A popular street food in Hong Kong, I first came across these little egg cakes as a child growing up in New York City’s Chinatown. From a tiny red stall on Mosco Street, Cecilia Tam churned out pan after pan of these eggettes for over a decade but when she closed up shop, she left many die-hard followers forever craving her perfectly fluffy and heavenly egg cakes. This recipe is as satisfying for me as the Cecilia Tam original.
I’ve been reminiscing about a part of my childhood in New York’s Chinatown where I attended Chinese school every weekend. After class, mom or dad would walk me over to Mosco Street, where in a tiny red corner stall labored Cecilia Tam (aka the Egg Cake Lady), to buy a bag or two of her legendary egg puffs (aka eggettes) or 鷄蛋仔 – “gai daan jai” in Catonese.
Her stall became so popular over the years that more often than not there were more tourists waiting in line, clutching their cameras and tour books, than regulars. On weekends, the line would snake around the corner and the wait could be 10-20 minutes or longer.
If only iPhones and YouTube existed back then because all I have left of my memories are scattered images of Cecilia’s little stall that barely fit one person but somehow she managed to fit in a helper on busy weekends.
I recall the large jugs of pale golden batter that she kept at her feet. I remember her brushing oil on each mold before each pour of batter. I can see her flipping the molds but I can’t remember how many times or for how long.
I remember her easing the cakes out of the mold with a fork onto a scratched up stainless steel pan and how she would jab at the eggettes with tongs to separate them and place the required amount into wax-paper bags. She had everything down to timing and order.
Weekends she was always slammed. Weekdays the wait would be nil or only 1-2 people. But on those slow days, she would have a few waxy bags of eggettes already filled. They are best eaten hot off the stove so I always asked, and patiently waited, for fresh ones and she always obliged.
With her increase in popularity, and inflation, the price of her egg cakes kept going up throughout the years. So we enjoyed them in less quantities, but we still enjoyed them as often.
At first they were $1 for 20 egg puffs, then $1 for 18, then $1 for 15. Even when imitators popped up around Chinatown selling them at $1 for 20 when Cecilia had further reduced her offerings to $1 for 12, the imposters were not worth the extra portions.
Once, pressed for time, we bought some egg cakes off a street vendor on Canal Street. They were so bland, so disappointing, I vowed I would never buy them from anyone again but from Cecilia, the one and only Egg Cake Lady.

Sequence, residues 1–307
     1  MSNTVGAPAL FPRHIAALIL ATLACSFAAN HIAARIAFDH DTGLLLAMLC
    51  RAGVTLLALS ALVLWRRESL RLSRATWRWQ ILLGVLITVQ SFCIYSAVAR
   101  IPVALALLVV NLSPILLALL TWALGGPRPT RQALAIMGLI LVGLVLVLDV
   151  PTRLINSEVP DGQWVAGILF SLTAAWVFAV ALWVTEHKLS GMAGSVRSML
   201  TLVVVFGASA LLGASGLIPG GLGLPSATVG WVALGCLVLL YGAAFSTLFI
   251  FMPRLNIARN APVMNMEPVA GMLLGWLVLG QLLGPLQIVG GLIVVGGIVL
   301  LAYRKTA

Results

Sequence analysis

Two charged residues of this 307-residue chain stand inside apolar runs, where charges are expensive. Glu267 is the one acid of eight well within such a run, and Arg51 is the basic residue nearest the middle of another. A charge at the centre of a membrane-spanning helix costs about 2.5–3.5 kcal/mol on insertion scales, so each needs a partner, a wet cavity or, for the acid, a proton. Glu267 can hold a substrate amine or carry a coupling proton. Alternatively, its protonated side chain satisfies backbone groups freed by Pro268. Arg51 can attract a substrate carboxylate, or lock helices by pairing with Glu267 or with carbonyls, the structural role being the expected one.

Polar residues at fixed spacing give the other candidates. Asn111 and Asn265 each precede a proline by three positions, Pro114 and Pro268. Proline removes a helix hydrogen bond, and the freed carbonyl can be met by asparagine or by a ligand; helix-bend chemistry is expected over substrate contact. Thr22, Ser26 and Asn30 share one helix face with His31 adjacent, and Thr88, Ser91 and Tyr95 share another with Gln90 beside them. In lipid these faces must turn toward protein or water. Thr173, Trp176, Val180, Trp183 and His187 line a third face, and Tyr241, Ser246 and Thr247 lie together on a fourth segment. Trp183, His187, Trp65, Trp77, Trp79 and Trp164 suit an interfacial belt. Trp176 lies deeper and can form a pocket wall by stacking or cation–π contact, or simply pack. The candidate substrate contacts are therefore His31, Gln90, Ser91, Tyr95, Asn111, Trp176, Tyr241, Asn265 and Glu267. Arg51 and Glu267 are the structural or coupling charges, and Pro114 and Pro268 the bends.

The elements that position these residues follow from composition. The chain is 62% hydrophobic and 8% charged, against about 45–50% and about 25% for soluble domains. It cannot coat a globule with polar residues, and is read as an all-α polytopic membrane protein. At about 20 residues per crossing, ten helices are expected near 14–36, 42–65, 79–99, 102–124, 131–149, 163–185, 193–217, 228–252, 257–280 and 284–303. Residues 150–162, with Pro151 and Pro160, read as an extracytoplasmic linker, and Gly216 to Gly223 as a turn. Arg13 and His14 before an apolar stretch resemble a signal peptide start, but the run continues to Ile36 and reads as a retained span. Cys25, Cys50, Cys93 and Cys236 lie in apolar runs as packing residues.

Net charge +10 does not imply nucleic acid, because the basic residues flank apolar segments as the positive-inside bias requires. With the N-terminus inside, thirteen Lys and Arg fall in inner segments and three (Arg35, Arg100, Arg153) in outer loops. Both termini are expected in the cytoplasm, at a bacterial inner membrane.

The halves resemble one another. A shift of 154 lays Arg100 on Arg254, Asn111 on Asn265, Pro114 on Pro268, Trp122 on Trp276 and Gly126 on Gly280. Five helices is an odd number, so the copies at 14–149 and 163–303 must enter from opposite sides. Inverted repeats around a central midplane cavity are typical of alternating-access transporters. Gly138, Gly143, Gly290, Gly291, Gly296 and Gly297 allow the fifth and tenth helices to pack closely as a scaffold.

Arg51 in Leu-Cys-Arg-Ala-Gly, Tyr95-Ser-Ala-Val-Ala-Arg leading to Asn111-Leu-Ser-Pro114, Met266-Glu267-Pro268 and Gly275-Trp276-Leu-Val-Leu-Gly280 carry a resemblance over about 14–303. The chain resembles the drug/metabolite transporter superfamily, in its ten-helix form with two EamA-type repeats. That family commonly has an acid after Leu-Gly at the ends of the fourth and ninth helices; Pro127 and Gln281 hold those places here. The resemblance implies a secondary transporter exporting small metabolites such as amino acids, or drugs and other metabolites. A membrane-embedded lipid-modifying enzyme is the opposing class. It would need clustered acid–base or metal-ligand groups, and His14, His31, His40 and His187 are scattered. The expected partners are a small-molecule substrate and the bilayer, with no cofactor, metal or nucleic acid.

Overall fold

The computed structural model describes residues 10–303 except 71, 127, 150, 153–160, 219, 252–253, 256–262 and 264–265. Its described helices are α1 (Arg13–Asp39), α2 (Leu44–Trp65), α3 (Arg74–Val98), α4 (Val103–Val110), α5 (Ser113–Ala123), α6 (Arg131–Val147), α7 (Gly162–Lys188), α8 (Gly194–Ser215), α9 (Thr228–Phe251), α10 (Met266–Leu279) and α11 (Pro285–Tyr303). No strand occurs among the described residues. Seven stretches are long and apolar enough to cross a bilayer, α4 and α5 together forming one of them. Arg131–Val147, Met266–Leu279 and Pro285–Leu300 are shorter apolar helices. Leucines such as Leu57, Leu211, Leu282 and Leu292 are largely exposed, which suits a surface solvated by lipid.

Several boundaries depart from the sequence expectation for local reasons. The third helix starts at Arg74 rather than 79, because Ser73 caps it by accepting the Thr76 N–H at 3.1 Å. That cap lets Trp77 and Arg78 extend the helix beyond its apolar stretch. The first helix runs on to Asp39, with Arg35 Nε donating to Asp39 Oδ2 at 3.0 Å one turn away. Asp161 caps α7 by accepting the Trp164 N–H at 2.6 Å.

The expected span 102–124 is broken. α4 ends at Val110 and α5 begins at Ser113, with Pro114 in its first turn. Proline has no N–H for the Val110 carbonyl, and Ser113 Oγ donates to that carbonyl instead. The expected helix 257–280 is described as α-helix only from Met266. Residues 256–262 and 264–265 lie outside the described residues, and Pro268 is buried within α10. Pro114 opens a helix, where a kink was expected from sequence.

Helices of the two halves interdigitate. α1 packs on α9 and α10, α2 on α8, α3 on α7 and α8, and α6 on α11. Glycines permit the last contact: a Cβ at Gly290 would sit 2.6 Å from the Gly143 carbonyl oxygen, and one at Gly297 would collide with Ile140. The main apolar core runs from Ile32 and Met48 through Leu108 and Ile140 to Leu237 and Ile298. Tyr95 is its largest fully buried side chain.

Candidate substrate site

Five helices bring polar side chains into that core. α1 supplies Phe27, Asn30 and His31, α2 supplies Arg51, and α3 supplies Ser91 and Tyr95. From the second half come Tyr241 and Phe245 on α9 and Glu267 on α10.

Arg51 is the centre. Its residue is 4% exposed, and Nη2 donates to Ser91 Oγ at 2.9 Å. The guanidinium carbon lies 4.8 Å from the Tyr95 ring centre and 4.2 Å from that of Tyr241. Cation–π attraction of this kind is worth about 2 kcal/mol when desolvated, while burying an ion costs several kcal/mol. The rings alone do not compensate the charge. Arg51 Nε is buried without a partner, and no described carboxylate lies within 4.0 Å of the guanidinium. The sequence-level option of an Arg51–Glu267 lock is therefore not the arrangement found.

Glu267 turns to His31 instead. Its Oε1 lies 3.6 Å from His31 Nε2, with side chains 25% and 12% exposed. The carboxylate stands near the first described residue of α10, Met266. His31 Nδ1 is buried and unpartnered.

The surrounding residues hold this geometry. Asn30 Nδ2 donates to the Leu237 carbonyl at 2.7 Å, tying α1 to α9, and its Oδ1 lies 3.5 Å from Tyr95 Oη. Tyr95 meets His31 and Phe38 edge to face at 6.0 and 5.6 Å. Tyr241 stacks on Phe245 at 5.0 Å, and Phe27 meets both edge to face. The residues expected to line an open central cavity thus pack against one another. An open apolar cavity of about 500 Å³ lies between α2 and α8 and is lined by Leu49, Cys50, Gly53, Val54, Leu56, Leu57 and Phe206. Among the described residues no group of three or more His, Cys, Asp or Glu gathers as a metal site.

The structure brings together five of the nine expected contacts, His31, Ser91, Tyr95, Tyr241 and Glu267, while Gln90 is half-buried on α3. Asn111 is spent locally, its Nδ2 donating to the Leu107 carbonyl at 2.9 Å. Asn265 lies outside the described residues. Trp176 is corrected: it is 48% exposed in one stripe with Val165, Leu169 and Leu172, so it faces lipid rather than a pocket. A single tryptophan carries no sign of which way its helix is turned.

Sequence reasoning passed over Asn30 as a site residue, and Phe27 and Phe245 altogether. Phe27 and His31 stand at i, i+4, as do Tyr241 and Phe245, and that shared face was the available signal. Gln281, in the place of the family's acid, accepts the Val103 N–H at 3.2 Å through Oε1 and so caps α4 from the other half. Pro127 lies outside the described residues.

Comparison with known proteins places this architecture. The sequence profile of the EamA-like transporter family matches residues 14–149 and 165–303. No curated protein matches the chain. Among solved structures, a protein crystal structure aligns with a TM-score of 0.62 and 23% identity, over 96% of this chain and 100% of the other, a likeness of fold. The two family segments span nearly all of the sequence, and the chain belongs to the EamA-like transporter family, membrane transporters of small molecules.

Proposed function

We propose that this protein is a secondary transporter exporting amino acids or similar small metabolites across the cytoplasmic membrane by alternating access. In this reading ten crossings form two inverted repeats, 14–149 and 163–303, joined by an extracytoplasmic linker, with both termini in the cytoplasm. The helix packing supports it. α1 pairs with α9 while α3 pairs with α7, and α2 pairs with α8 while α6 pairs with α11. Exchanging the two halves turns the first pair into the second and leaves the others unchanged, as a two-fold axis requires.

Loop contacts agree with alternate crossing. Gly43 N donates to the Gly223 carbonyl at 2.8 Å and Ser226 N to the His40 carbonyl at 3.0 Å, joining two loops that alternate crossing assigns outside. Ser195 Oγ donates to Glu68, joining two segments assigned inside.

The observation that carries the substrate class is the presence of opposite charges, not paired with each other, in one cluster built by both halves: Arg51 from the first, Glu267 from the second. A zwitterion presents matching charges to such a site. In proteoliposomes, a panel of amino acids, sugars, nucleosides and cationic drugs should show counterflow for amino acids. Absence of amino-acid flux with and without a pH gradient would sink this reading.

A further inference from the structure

She closed up shop probably a decade ago but I have never stopped thinking about her egg cakes. Especially when I walk down Mott where it meets Mosco Street. They bring back so many memories of my childhood in New York City.
For the last few years, I have considered sourcing one of those egg cake molds to attempt a recipe at home. Then, as if my prayers were answered, Williams-Sonoma (my second favorite kitchenware store only after Crate and Barrel) started selling an Egg Waffle Pan and I couldn’t wait to get my hands on one.
Williams-Sonoma no longer stocks the pan but you can find a similar one on Amazon here.
How to Make Hong Kong Egg Cakes
Soon after buying the Nordic Ware egg waffle pan, I started experimenting with the batter. Initially, I made a batch of eggettes using fresh custard (made from milk and eggs). But the taste and consistency wasn’t right.
Now I use custard powder and just throw everything into my Kitchen Aid stand mixer, turn it on and voila! Batter done. No need to heat up milk nor temper eggs to make custard, etc., etc.
I’m sure time erodes taste memories, but I really do feel that this recipe resembles what I remember from my childhood days.
The texture is perfect – crunchy around the edges and I love nibbling all the crispy bits that surround each puff before moving on to the soft middle – and with each bite, I am transported back in time, smiling at nostalgic memories.
How to Make Your Egg Cakes Even Better!
A few weeks back, I whipped up a couple batches to experiment with altering the ingredients and found that using either tapioca starch, potato starch, corn starch or custard powder worked just fine. However, using custard powder did give the eggettes a richer vanilla taste since custard powder is essentially vanilla-flavored corn starch.
For those experiments that didn’t use custard powder, I doubled the amount of vanilla extract (or essence) from one teaspoon to two teaspoons.
I think the most essential ingredient for the batter to taste right is evaporated milk. I had never used evaporated milk before and I was curious to try the different brands. I decided to try a few of them…just for fun. And was glad that I did.